PicBasic Experiments With The PIC16F877
This page is for reference while working through the PIC16F877 experiments.
Figure 1 shows the connections for using an LCD with the PIC16F877 experiments. Use this diagram to connect your LCD to the PIC16F877. The display is useful while following along with these experiments. The LCD helps in the debugging process if something doesn't work quite right the first time, and is used to display the results when everything goes according to plan.
Note: Be sure to use a 4 MHz oscillator since the sample code has been written assuming you're using a 4 MHz ceramic oscillator or 4 MHz crystal. Using up to 20 MHz oscillators is easy to do with PicBasic and the PIC16F877, but you must include the DEFINE OSC 20 command to inform PicBasic that your timing requirements are different than the default 4 MHz mode.
Figure 2 is the pin diagram for the
PIC16F877 microcontroller. Figure 3 shows how to connect either a ceramic
resonator, or a quartz crystal for the experiments.
LCD Pin Descriptions:
Pin # 1 = Vss (LCD GND)
The LCD is used in 4-Bit Mode for these experiments (unless otherwise specified), so the data-inputs DB0-DB3 are not used.
Figure 3 shows how to connect both oscillator options. Using a ceramic resonator is normally less expensive, and requires fewer components since the ceramic resonator has internal capacitors to complete the oscillator circuit. Note: If you order ceramic resonators, make sure you get them with internal capacitors. There are versions that don't include them. The Digi-Key part number for 4MHz ceramic resonators (with internal capacitors) is: X902. They cost approximately 68 cents each in single quantities.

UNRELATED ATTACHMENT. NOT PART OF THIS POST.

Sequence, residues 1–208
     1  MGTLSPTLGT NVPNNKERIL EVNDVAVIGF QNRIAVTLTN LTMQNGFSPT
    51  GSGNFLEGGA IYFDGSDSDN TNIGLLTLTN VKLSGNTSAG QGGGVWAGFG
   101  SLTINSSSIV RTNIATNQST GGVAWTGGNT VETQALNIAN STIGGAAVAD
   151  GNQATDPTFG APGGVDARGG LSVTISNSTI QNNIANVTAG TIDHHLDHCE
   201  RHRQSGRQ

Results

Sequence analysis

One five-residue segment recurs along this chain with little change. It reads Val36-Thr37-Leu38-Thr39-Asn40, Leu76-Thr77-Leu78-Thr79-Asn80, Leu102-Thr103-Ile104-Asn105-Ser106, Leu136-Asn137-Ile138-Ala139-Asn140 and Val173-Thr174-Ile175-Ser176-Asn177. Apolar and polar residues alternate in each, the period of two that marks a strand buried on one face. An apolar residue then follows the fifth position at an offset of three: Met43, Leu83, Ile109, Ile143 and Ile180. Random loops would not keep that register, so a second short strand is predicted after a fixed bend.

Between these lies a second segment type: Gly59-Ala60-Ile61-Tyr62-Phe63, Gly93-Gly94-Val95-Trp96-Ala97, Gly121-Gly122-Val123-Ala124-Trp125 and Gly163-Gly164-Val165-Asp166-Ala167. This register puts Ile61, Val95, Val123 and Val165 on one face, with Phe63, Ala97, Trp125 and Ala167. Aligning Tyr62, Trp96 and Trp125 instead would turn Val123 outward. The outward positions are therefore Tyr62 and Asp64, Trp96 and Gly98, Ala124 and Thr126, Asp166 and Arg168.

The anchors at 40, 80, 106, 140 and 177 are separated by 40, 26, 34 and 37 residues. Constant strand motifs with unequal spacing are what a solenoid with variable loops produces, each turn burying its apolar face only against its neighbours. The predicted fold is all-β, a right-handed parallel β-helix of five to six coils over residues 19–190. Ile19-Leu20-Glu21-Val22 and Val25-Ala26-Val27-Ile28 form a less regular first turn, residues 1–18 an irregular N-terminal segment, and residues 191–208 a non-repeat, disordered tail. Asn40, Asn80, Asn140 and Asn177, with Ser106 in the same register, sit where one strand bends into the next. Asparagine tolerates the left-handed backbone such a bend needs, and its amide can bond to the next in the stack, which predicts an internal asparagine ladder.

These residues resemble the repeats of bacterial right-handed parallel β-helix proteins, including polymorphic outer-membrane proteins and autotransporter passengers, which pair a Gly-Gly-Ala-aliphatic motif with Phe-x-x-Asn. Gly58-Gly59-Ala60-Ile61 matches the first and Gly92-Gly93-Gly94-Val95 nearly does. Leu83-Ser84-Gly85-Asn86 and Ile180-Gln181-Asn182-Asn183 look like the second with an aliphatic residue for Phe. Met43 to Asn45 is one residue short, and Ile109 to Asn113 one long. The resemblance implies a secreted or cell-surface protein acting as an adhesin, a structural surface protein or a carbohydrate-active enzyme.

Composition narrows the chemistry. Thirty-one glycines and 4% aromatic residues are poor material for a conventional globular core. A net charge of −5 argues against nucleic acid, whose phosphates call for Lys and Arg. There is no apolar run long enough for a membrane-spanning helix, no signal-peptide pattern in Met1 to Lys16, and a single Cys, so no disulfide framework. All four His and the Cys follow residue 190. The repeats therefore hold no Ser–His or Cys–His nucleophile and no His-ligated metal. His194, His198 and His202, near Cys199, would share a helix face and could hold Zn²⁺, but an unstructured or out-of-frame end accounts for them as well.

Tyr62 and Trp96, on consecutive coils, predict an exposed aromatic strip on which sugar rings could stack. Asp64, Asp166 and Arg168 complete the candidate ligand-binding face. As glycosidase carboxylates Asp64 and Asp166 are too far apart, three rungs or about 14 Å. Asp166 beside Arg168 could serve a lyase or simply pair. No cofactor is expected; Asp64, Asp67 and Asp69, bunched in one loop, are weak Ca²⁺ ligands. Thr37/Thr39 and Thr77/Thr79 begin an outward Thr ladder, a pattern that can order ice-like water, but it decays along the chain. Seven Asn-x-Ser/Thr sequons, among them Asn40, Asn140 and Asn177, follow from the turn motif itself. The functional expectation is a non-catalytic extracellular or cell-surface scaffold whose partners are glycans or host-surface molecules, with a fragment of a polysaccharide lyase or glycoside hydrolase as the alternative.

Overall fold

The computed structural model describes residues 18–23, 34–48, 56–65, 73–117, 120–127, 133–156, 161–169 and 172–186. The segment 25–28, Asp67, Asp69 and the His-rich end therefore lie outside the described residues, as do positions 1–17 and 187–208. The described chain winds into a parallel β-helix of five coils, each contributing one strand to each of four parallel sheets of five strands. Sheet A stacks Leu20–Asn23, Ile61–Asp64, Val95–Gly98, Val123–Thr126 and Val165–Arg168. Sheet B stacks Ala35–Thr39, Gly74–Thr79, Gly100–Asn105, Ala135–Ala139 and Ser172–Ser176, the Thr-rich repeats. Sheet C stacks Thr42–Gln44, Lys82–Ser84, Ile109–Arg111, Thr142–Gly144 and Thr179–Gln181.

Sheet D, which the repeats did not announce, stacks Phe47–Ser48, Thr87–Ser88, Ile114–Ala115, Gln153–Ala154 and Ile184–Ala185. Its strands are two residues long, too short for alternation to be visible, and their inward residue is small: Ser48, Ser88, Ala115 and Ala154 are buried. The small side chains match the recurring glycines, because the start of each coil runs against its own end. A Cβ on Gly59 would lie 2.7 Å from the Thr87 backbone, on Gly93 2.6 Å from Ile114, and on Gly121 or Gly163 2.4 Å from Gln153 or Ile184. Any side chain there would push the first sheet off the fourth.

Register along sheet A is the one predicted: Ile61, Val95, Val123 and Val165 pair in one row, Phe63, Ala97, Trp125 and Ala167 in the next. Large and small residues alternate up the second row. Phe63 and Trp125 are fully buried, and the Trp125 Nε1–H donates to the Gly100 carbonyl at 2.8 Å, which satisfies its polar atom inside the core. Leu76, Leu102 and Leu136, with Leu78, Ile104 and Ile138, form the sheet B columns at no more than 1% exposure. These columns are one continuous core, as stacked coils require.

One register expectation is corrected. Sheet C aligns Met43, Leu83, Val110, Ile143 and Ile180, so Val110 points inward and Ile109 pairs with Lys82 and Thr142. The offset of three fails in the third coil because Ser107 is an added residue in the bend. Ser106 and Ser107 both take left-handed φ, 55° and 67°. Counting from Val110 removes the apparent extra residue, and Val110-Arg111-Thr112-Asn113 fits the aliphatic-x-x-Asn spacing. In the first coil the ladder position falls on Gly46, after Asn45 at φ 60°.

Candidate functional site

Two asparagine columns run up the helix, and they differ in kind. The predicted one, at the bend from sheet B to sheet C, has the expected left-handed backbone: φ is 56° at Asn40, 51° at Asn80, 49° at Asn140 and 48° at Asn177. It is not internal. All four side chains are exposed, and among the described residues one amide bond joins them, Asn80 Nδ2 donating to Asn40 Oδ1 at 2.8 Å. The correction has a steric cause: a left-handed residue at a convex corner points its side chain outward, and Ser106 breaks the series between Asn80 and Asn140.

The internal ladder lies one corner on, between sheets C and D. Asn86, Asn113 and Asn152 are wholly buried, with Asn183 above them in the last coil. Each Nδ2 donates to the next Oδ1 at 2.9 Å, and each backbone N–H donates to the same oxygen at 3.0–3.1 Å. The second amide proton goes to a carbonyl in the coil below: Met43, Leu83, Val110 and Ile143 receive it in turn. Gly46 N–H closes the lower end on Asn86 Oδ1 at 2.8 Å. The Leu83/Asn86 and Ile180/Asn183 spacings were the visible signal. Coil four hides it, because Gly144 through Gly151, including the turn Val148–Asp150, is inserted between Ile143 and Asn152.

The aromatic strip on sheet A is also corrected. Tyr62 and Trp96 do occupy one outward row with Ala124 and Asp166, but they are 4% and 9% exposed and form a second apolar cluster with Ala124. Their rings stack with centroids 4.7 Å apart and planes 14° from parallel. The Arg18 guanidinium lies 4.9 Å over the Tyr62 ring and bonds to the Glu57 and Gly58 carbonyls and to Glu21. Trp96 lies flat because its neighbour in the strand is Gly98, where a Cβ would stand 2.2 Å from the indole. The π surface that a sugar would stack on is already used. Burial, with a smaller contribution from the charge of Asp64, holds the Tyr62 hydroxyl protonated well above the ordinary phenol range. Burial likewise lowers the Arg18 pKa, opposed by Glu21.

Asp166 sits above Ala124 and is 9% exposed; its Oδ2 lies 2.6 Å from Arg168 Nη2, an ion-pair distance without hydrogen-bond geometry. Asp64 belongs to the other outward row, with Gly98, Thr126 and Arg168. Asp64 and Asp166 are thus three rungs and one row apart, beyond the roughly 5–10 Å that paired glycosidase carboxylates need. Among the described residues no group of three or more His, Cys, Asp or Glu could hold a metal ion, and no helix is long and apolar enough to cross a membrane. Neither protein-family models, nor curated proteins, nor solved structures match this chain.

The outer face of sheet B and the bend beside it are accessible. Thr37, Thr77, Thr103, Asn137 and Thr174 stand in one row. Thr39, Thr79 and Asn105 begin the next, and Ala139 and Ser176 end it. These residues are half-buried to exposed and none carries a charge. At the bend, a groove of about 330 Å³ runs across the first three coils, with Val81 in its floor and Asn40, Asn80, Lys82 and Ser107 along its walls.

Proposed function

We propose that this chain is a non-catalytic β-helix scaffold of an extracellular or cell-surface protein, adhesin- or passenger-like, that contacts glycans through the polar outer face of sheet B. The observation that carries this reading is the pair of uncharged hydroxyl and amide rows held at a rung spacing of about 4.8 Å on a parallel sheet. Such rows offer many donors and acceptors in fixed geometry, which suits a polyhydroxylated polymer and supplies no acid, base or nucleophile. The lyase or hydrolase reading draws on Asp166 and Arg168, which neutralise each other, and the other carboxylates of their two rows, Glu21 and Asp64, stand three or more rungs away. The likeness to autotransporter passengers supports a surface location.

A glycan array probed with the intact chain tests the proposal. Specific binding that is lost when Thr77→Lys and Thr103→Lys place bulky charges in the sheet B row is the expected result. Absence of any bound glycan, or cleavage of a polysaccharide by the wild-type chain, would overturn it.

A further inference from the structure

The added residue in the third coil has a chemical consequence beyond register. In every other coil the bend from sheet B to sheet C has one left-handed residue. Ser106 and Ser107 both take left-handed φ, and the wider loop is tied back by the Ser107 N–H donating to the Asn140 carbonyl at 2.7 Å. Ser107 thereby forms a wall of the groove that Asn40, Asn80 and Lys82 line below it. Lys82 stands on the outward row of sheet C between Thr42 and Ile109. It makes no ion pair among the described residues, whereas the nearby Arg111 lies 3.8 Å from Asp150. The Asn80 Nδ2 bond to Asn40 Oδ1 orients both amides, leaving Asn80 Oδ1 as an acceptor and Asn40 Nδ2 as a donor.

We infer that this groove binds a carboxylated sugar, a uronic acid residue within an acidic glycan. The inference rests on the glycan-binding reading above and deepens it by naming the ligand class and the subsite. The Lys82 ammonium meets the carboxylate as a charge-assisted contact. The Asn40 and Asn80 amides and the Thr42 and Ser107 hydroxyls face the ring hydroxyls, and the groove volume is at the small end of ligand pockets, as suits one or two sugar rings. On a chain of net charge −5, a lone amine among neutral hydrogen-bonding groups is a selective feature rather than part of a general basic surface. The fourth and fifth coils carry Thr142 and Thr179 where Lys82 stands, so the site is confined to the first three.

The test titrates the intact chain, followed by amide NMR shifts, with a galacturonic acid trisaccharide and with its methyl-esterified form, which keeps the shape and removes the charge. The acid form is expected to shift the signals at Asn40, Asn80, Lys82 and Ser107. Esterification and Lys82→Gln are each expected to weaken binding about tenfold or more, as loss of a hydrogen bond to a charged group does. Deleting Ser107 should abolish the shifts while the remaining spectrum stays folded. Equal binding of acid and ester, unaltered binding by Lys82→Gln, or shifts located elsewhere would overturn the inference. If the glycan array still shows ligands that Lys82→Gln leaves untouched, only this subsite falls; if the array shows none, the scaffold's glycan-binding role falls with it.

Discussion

If you're new to using ceramic resonators, the center-pin of the resonator is ground. There has been some discussion as to whether or not resonators are adequate for applications requiring high-speed serial communications, but I'll leave that one up to you to find out.
For further study, I highly recommend you take a peek at the Fox Electronics web site at: http://www.foxonline.com/ They have some outstanding articles explaining oscillator theory, and even some info on ceramic resonators vs. crystals. If you're an engineer, and concerned about whether or not to use resonators in your next design, the time you spend at the Fox web site will be well worthwhile.
We use ceramic resonators in 99.9% of all our PIC based designs, and have yet to experience any problems. That, however, is an entirely different discussion, and we're not here for that purpose. It's best that you investigate this on your own. For these particular experiments, either oscillator option will work just fine....;o]
If you don't have PicBasic yet, we have that here as well. Click HERE for details on how to get your own copy of PicBasic, or PicBasic Pro. We have complete programming packages available at very reasonable prices.
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